Life is so Unfair: What can I do about it

Many people become angry at the unfairness in their lives. Unfairness is not about morality, altruism or equality. It is a temper tantrum that is used to gain an advantage or relieve the imbalance that is causing pain.

The experience of unfairness can be heard is statements like, “I want my way.” If this might sound childish, it’s because it is. Unfairness can be understood very early in life. Most children play games and learn about taking turns. They learn about sharing and will say it’s unfair when someone has a shiny red ball and they do not. Disparity causes pain and that pain causes hurt, which makes them angry.

As adults, many experience the pain of this imbalance in their daily lives. Some feel others have all the advantages and privilege. We are socialized to see two groups: the have and have nots. This lack of equality is frustrating and leads us to complain. But when a well intentioned friend attempts to put the situation in a more realistic perspective by saying, “Some people are nice,” we may feel attacked, victimized, or misunderstood. This defensiveness arises if we make the mistake of taking such “helpful advice” personally, as if it were a reflection on our worth as a person. In counseling, I explain how this overreaction is due to unresolved, residual anger from childhood that has never been addressed. Many endured childhood events filled with unfairness that were taken personally, which makes people feel inferior. For some, this inferiority implies they are unlovable or even invisible to the people they love and depend on the most.

I see many clients who suffered childhood wounds that were never identified, let alone resolved. These unresolved feelings often come to the surface when something in the present reminds them of an analogous situation in the past. They believe, “Life is so unfair and there is nothing I can do about it” and “People don’t understand me and I am powerless to make them understand.” Such powerful beliefs predispose the individual to a lifetime of frustration and disappointment.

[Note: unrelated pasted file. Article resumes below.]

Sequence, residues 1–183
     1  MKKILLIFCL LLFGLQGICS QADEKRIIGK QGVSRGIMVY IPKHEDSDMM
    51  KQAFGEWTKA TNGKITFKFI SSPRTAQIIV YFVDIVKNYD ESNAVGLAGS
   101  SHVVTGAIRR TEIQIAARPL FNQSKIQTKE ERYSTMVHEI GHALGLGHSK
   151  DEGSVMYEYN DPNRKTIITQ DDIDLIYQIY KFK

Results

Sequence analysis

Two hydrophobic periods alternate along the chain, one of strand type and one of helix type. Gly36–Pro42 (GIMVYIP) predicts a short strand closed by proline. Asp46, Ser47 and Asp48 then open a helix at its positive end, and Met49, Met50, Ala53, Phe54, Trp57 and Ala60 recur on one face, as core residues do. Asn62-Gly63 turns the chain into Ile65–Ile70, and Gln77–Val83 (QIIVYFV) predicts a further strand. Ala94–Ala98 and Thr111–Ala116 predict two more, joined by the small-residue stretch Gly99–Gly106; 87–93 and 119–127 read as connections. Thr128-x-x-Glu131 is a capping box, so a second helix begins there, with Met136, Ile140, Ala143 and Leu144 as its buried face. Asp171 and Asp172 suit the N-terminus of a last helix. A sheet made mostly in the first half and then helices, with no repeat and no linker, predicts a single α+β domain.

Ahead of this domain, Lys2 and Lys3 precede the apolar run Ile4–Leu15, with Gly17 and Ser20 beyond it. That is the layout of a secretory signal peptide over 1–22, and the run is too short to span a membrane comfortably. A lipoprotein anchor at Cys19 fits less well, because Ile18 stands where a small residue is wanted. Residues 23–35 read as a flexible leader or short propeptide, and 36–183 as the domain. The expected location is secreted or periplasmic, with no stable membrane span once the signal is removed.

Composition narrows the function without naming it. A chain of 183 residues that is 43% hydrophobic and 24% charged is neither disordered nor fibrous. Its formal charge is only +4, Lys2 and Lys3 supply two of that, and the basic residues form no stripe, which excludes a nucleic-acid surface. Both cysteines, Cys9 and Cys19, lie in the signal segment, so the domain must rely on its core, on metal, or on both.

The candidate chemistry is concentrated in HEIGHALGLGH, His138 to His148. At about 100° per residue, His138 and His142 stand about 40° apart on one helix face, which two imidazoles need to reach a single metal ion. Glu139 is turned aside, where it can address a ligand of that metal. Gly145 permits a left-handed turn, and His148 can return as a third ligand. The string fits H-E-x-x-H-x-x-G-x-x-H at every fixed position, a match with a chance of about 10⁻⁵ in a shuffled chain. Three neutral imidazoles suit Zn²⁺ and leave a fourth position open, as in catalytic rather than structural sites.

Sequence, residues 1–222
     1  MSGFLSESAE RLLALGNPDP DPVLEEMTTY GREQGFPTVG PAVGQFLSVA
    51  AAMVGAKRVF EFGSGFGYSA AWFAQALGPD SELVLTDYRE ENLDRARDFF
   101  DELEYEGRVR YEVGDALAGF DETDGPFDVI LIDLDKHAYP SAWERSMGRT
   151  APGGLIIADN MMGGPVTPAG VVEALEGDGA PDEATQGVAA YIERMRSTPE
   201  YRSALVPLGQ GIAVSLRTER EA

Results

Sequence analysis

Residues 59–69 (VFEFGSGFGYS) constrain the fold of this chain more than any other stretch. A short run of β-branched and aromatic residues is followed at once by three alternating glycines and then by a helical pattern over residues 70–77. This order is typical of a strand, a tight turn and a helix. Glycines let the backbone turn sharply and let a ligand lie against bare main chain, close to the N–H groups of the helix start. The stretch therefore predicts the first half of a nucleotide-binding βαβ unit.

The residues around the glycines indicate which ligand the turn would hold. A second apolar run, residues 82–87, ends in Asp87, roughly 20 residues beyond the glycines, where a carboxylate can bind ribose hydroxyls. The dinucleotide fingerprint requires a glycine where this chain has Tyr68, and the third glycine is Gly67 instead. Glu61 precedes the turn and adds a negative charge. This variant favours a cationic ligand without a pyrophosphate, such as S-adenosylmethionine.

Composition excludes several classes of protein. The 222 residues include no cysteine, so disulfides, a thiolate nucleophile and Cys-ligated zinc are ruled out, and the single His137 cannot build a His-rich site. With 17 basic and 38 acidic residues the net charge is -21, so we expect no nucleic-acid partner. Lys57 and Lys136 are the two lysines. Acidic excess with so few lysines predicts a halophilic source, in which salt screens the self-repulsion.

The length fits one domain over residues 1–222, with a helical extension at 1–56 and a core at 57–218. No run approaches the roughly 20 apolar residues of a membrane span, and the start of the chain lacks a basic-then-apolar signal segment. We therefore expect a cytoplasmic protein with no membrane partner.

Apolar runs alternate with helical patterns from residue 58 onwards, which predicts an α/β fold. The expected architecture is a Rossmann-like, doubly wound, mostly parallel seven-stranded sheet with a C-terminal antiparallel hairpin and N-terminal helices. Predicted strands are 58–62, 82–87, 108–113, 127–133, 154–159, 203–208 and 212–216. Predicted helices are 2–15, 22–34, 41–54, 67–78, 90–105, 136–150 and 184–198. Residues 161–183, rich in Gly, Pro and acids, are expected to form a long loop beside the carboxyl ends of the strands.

In therapy, I asked Erin, “Who are you angry at?”

(Client) “The whole world”

(Therapist) “And who else are you angry at besides the whole world?”

(C) “How can I answer that? There isn’t anything else. I suppose I am angry at myself too.”

(T) “What angers you the most about life today?”

(C) “That I’m not getting anywhere. I can’t get ahead.”

(T) “What is the worst part about it?”

(C) “it feels like the deck was stacked against me, that everything bad always happens to me.”

(T) “Whose fault is it?”

(C) “I used to blame everyone else, the people who had power, who had control over me and there was nothing I could do about it.”

(T) “It’s not a matter of right or wrong. All humans have similar experiences in childhood, you all had parents who treated you differently depending on your performance. You acquired beliefs about yourself, about success and failure, and about how to achieve happiness. You have come to feel ‘less then’ and inferior. But you are not right or wrong, you are an imperfect human being, an equal member of the human race. The problem arises when you act in the present based on beliefs you picked up in the past, when you were a child, before your brain was fully developed. These old childish beliefs predispose you to act, think and feel in certain ways. Some have worked, or else you wouldn’t have survived, but some cause problems and this leads to an ocean of emotional pain and now you are faced with a tidal wave.”

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Shared by: Aaron Karmin, LCPC, Contributing Blogger

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